Tuesday, March 16, 2010

The Redemptive Thrust of Scripture

The following comes from a selected chapter assigned as a part of the Biblical interpretation class that I hope to take this summer.

When composing a lesson to teach or preach, there are two focuses/perspectives that can be taken: 1) fallen-condition focus (FCF) and 2) redemptive-historical focus (RHF).  The FCF takes the experiential perspective by focusing on Jesus as the remedy for our experience of the fall - sin, suffering, brokenness, etc.  In considering a passage of scripture it asks the question, "What aspect of the fallen condition of mankind does this passage address?"  Each passage reveals the ways that I, you, we, humanity need the grace of God.  The RHF takes the theological perspective by focusing on God's divine plan of redemption, assuming that God has a divine plan.  It asks each passage, "What aspect of the divine plan does this passage reveal?"  Every passage in every book focuses on Jesus by revealing some aspect his person and work.  Each book does this uniquely.  "These two methods keep us from preparing messages that contain true statements and good counsel but are ultimately sub-Christian because there is nothing of the Savior in them."

My thoughts and opinions
The most important thing to notice is that all of scripture points to Jesus, period!  Regardless of whether you are looking through red or green lenses, you still see Jesus; you just see him in a different light - by light of experience or theology.

As much as I like to ponder theology and learn more about it, my preferred perspective is the fallen-condition focus.  It is probably the teacher in me, because I want everyone I teach to feel the weight of their need for Jesus, so as to accept him gladly.  One of my favorite quotes says something like, "If they don't feel the weight of the problem, they won't care about the solution."  If people do not agree that they need something/someone like Jesus, then all our words will fall on deaf ears.  I want my audience to be captivated and convicted so that they are begging for Jesus' solution before I even finish.  It seems simple to me, but how can your audience not be attentive if you are talking about something they agree with and for which they crave solutions?  (I'll get off my soap box now.)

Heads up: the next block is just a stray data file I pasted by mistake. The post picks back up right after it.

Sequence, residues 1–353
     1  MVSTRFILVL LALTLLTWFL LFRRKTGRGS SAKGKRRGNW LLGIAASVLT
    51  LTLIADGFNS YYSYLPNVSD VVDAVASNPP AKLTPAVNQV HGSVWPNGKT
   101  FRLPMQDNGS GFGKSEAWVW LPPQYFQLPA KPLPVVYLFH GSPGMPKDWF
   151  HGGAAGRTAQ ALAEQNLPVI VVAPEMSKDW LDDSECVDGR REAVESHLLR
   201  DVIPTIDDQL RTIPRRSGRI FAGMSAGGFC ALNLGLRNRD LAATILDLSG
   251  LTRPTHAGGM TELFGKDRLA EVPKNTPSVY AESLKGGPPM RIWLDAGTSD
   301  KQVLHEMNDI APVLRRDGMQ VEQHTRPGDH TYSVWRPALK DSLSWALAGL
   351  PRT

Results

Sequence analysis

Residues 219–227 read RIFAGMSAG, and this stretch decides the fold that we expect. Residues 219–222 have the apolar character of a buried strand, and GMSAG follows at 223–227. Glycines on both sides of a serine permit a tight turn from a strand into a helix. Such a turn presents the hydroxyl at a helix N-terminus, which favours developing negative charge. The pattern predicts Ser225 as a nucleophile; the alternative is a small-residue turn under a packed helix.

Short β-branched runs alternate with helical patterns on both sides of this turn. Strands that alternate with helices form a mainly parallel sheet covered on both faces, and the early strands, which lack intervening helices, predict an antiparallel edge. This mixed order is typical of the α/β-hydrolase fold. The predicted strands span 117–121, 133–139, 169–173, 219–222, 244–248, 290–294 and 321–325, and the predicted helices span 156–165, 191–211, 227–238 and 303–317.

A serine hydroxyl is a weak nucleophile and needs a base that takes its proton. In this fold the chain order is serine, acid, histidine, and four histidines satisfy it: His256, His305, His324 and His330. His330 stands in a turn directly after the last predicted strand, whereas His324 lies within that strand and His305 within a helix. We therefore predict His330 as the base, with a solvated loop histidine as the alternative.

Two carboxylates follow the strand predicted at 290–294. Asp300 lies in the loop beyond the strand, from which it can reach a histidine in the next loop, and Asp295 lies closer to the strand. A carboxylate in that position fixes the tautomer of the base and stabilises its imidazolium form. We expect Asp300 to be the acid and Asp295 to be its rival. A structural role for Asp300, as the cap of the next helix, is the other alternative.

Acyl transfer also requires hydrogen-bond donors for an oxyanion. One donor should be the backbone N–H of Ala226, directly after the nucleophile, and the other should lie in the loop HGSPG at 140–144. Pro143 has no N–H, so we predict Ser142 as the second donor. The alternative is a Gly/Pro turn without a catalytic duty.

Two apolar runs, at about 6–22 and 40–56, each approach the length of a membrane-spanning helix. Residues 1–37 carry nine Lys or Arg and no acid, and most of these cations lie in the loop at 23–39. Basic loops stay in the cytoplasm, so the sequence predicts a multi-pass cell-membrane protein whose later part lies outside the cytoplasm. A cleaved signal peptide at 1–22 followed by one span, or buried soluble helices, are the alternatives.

Another important consideration for the fallen-condition focus is what is meant by "fallen-condition".  This does not only refer to sin, but anything related to living in a fallen world - sin, suffering, and frustrated longings.  Suffering for example, may be experienced because of our own sin, someone else's sin, this sin-wrecked world (illness, death, natural disasters), persecution and Satanic/demonic oppression, or just plain ignorance.  So fallenness encompasses more than just sinfulness.

My questions
Nope, I liked it way too much to have questions.

Doriani, D. Getting the Message:  a Plan for Interpreting and Applying the Bible. (pp. 170-186) Phillipsburg, NJ: P&R Publishing

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